Monday

30th May 2016

EU to strengthen surveillance of terrorist websites

  • Only five experts in each EU state are allowed to access the portal (Photo: EUobserver)

The European Union wants to strengthen its monitoring of militant Islamic websites, saying the internet plays a major role in the running and communication network of terrorist organisations.

EU ambassadors gathering for their weekly meeting in Brussels on Wednesday (30 May) decided that a newly established online police portal "needs to be further strengthened" to combat terrorism, according to press reports.

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The high-security portal - named "Check the Web" - was launched earlier this month and allows the 27 EU states to pool data on Islamist propaganda and internet chatter at the European Police Office (Europol) in The Hague.

"We allow EU member states to share their responsibilities in checking the web," head of Europol Max-Peter Ratzel told Reuters on Wednesday, adding that "it's for Islamic terrorism."

"If you see that a web site is [already being] checked by another country, you can save energy," Mr Ratzel said. The site is only accessible to a maximum of five experts from each EU state.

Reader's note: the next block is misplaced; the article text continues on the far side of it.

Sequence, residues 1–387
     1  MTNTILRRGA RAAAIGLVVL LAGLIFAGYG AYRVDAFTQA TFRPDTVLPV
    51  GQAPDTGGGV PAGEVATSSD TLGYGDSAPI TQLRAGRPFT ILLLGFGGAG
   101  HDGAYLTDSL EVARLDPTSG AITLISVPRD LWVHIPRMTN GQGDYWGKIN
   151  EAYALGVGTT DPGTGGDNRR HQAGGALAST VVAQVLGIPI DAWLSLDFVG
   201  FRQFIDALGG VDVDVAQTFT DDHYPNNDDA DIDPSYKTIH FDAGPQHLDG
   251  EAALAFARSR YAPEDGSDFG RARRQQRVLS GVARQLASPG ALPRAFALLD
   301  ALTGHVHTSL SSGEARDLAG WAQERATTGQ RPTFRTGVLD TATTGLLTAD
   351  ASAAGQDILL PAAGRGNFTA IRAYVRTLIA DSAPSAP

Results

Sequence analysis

The portal is to include a list of links to monitored web sites, statements by terrorist organisations and details on other experts checking the web in EU countries, including their language competence and technical expertise.

Some member states – led by Germany – are currently sharing the task of analysing al Qaeda's media department, as-Sahab, according to EU ambassadors.

"Terrorists use the internet not only as a means to communicate and spread propaganda, but also to radicalise, recruit and train terrorists, to spread instructions on how to carry out concrete offences and to transfer covert information," said the conclusions of their meeting, obtained by Reuters.

Germany, which currently holds the rotating EU presidency, pushed to start the cooperation in web-surveillance, saying not all 27 member states had the expertise needed to translate and analyse websites used by extremists, reports Dagens Nyheter.

The idea first came to light in 2006 when interior ministers of the G6 states - France, Germany, Italy, Poland, Spain and the UK – met in March last year and decided to create the Check the Web portal.

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